Internal calendars show Interior’s workings ahead of Willow

By Robin Bravender | 03/29/2024 01:23 PM EDT

Top Interior Department officials’ schedules shed light on how the Biden administration approached that key energy and public lands decision.  

Deputy Interior Secretary Tommy Beaudreau testifies during a hearing.

Former Deputy Interior Secretary Tommy Beaudreau testifying in 2022 during a Senate Energy and Natural Resources Committee hearing on Capitol Hill. Francis Chung/POLITICO

Then-Interior Deputy Secretary Tommy Beaudreau had a lot on his plate on a March Friday early last year — including a looming decision on a contentious Alaska drilling project — and his schedule was jam-packed.

His official workday kicked off with an 8 a.m. call and concluded at 6 p.m. after a confab with EPA Deputy Administrator Janet McCabe. In between, Beaudreau interfaced with the White House’s top regulatory official, the White House deputy chief of staff, deputy secretaries from departments across the government, Sen. Maria Cantwell (D-Wash.) and White House aide John Podesta, according to Beaudreau’s publicly released schedules.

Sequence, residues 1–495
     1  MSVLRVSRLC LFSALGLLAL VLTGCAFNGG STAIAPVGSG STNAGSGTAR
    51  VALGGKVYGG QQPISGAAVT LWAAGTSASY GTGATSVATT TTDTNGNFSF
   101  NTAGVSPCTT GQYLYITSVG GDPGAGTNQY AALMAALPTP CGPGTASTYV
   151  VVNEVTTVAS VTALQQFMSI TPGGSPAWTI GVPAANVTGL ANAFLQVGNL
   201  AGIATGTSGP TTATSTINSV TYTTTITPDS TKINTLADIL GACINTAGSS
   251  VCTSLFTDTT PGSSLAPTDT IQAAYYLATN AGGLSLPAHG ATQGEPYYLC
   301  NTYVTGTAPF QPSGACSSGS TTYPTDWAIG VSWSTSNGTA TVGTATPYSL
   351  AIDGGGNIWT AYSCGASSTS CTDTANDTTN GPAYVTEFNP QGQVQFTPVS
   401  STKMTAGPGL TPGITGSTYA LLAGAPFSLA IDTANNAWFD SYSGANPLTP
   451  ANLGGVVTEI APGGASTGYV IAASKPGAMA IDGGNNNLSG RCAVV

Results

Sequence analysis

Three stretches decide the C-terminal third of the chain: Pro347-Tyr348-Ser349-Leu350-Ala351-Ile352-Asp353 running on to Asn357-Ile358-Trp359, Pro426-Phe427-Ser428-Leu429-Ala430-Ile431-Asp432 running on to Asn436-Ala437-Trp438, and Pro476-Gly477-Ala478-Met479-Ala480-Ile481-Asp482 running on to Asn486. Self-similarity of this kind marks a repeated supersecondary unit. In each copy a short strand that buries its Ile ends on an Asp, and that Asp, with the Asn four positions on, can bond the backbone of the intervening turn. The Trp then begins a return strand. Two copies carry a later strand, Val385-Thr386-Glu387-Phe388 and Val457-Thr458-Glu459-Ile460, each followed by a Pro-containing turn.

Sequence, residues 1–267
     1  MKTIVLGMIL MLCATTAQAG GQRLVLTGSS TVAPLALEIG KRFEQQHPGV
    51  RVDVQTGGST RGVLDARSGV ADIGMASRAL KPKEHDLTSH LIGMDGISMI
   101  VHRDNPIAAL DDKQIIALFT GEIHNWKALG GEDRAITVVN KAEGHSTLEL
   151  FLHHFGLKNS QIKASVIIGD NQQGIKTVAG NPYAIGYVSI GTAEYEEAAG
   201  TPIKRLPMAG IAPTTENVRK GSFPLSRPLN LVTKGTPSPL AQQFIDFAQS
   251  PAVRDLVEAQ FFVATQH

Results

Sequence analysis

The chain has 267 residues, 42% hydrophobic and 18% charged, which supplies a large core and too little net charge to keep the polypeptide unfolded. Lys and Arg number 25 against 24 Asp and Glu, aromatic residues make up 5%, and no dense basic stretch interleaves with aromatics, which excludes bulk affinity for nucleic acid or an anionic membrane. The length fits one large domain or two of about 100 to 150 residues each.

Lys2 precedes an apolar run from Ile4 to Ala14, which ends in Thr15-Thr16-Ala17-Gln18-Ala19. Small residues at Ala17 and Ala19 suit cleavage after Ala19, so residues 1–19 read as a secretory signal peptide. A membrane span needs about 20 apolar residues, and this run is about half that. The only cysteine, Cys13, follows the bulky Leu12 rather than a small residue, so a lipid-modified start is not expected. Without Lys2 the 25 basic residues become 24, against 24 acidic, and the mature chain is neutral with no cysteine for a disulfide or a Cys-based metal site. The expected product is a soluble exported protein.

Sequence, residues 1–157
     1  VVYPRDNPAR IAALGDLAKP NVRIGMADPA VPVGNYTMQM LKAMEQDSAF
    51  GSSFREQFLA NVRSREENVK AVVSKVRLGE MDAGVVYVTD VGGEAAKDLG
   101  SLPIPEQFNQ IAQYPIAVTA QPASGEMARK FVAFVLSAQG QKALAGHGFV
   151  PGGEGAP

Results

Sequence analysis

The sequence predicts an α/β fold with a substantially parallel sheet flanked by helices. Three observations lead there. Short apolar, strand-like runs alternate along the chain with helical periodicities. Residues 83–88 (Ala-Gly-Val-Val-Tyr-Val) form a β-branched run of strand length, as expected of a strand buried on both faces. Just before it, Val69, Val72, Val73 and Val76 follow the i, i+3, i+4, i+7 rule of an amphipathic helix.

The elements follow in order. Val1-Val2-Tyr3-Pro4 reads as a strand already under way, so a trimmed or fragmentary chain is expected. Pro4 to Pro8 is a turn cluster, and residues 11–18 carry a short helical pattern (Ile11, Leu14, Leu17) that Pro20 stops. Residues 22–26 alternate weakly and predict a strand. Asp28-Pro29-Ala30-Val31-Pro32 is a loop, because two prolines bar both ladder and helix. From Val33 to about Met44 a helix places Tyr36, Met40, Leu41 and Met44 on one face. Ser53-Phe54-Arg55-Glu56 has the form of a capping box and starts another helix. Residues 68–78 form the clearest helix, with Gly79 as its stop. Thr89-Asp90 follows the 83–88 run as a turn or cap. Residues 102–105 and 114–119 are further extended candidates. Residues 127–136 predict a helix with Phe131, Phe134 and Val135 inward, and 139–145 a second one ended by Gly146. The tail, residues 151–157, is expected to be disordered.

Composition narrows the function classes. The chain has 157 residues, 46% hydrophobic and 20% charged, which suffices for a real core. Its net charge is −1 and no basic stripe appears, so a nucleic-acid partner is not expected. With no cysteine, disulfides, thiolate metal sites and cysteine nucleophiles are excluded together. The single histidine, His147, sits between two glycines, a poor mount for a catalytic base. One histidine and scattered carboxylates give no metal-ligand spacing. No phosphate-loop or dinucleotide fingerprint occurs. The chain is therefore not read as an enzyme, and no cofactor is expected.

It was all in a day’s work for Beaudreau, who left the post as Interior’s second-in-command last fall after playing a central role in implementing the Biden administration’s agenda on energy and public lands. Beaudreau was also key in communicating with other government agencies, the White House, Capitol Hill and outside groups, the calendars show. Laura Daniel-Davis stepped in last year as Interior’s acting deputy secretary.


It’s standard practice for deputy secretaries to play a central part in coordinating with other departments, said David Hayes, a former Biden administration White House official who served as Interior’s deputy secretary during both the Obama and Clinton administrations.